4. Know That You Can’t Benefit Now If You Want To Benefit Later.

As you start to save, keep this in mind: this is a fund for your retirement. Any contributions made and any investments put in will be prepping for your golden years. However, if your plan ends up benefiting you now, say by using a vacation rental owned by your IRA, that could mean trouble for your savings. This process is called “self-dealing” and it can be easily sidestepped.

Avoid any obvious traps like putting your own money into your IRA owned property or investing in a business in which you own a high percentage. In addition, don’t try to use any of your IRA investments, no matter how tempting that beach property may be. If you are unsure of whether you could do something, perform your due diligence and ask a financial advisor for clarification. As always, better safe than sorry.

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5. Distribution Information Is Upfront.

If you are worried about distributions, there’s no need. Once you put in regular contributions and build up a healthy sum when it comes to distributions in your retirement it all comes down to the type of IRA you selected.

With traditional IRAs, you will be taxed on your distributions based on your tax bracket at the time of your retirement. You will also need to take required minimum distributions (RMDs) when you reach 70 ½.

With Roth IRAs, your distributions when you reach retirement will be tax-free. Additionally, you will not be forced to take RMDs. Before selecting your IRA, it’s best to plan ahead and choose the IRA that best fits your retirement plan. And always remember these IRA investment rules.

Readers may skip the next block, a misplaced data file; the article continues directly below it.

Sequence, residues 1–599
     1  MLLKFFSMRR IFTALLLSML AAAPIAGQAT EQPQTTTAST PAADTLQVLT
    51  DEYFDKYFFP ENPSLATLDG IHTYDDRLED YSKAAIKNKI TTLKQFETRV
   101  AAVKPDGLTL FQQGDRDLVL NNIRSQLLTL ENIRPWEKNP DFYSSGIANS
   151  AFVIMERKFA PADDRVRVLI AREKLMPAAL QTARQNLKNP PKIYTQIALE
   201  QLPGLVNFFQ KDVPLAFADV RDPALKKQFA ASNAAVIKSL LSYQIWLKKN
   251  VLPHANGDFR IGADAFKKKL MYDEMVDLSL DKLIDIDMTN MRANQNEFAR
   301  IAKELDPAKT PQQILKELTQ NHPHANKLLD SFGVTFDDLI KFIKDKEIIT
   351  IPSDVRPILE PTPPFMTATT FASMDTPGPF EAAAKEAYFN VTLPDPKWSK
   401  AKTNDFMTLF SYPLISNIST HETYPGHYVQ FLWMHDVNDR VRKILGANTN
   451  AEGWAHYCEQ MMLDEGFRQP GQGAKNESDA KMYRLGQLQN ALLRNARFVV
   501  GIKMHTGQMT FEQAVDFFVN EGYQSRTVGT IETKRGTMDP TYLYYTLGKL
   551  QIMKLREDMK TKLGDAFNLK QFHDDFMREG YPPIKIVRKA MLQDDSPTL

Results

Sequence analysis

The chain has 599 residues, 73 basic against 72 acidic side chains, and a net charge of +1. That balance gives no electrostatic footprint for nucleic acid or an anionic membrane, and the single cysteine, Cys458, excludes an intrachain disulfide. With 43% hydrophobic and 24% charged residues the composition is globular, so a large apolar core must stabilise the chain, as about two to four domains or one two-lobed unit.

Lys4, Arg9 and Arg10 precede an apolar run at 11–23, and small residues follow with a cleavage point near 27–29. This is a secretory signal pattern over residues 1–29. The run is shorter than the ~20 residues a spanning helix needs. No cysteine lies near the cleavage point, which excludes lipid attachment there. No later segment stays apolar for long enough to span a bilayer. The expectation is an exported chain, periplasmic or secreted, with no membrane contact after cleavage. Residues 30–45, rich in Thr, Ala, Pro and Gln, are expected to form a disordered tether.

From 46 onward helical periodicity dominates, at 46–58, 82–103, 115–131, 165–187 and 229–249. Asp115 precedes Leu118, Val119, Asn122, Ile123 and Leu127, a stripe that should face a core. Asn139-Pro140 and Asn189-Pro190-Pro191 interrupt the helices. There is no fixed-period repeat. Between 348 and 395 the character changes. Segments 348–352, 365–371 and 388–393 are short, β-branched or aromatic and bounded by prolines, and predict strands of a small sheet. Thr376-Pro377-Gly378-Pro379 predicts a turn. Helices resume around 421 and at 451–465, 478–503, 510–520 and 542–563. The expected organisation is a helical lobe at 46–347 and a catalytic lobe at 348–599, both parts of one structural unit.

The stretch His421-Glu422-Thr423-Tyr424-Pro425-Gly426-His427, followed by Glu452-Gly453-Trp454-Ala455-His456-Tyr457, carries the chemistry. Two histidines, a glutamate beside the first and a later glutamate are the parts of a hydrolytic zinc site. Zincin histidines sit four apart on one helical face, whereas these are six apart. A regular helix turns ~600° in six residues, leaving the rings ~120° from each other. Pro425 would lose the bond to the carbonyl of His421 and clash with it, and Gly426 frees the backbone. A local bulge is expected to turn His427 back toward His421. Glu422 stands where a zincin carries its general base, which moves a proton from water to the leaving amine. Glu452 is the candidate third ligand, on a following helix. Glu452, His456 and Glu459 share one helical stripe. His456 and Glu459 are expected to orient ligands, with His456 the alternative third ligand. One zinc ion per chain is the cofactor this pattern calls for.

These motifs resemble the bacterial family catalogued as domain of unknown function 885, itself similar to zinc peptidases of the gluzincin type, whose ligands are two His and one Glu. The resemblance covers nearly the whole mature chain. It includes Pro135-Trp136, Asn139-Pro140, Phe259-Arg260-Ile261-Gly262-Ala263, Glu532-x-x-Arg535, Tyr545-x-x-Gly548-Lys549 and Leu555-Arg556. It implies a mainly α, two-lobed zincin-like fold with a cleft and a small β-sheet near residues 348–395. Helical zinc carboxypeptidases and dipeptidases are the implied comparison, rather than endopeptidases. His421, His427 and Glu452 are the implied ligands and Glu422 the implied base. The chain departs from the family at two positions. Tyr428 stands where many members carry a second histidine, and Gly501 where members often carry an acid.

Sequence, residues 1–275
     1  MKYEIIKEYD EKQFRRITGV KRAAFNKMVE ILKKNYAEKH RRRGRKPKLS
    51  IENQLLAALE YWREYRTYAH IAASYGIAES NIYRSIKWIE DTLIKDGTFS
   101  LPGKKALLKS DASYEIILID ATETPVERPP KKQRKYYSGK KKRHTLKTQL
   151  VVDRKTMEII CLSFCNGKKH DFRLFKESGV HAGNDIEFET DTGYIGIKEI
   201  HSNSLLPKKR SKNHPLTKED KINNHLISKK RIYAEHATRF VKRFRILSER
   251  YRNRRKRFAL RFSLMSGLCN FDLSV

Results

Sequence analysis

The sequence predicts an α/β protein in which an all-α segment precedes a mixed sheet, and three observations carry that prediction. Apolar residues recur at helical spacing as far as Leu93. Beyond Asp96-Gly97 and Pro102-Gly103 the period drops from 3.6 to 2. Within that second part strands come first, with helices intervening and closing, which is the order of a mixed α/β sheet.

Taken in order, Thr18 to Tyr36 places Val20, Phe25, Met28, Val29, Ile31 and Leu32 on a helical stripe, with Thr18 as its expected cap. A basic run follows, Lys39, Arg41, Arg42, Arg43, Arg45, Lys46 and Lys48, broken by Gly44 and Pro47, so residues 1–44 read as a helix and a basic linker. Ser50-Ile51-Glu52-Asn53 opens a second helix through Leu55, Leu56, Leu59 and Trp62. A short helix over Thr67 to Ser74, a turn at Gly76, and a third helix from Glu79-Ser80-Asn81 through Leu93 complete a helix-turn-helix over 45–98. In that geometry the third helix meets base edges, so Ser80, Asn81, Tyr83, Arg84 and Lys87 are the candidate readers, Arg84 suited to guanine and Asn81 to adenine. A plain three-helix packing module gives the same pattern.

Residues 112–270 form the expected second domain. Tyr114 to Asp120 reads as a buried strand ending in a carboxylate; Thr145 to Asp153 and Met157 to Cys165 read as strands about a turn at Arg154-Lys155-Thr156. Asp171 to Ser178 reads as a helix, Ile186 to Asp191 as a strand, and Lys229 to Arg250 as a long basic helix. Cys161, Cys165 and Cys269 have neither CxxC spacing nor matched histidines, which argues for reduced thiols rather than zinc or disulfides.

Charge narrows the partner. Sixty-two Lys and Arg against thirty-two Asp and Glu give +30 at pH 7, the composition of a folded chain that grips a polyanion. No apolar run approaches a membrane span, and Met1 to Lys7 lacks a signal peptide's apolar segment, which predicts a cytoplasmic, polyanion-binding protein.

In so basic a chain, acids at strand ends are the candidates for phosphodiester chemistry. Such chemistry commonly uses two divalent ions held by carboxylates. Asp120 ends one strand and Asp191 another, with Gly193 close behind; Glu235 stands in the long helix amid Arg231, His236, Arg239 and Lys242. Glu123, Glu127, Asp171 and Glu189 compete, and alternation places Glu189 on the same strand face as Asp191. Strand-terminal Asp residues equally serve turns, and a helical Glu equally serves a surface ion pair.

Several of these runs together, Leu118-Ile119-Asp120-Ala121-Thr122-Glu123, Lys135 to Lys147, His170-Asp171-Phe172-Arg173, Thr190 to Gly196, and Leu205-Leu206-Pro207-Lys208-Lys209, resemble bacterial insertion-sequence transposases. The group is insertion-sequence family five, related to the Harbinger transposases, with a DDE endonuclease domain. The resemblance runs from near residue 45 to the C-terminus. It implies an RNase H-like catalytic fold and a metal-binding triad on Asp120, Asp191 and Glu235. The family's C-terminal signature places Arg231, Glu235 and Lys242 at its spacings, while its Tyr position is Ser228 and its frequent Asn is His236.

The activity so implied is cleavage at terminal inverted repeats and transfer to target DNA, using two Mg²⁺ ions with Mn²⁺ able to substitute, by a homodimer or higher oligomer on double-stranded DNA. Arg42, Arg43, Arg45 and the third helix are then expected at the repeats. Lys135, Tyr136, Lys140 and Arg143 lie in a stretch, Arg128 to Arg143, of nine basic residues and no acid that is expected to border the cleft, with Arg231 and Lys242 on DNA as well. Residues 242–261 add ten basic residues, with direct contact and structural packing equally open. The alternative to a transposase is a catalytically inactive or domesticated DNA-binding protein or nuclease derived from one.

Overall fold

6. If You Aren’t Sure, You Can Always Ask.

The best way to keep peace of mind is to perform due diligence and do the research. The rules are simple, but they can be interpreted in different ways.

To avoid any confusion, you can take the time to break down each rule and ask questions about what you don’t understand. If you speak to a financial advisor, you can avoid any possible issues and focus on growing your retirement. A little advice and industry knowledge can go a long way. The best way to keep on top is to stay informed.

7. The Rules Don’t Change Out Of Nowhere.

You don’t have to worry about the rules suddenly changing and leaving you in a lurch. If changes do happen, they usually occur at the beginning of the year, and you will know well ahead of time.

Also, the IRS will be very clear should any investments or disqualified individuals should be added to the list. Again, if you are unsure, you can always ask your financial advisor to clear up any gray areas.

Concluding Thoughts

Setting up and maintaining your IRA doesn’t have to be a nightmare. Perform your due diligence and seek the proper advice to build your nest egg worry-free. The rules are available to you. Take the steps, avoid the pitfalls, and have patience and you can build a successful retirement fund, no stress required.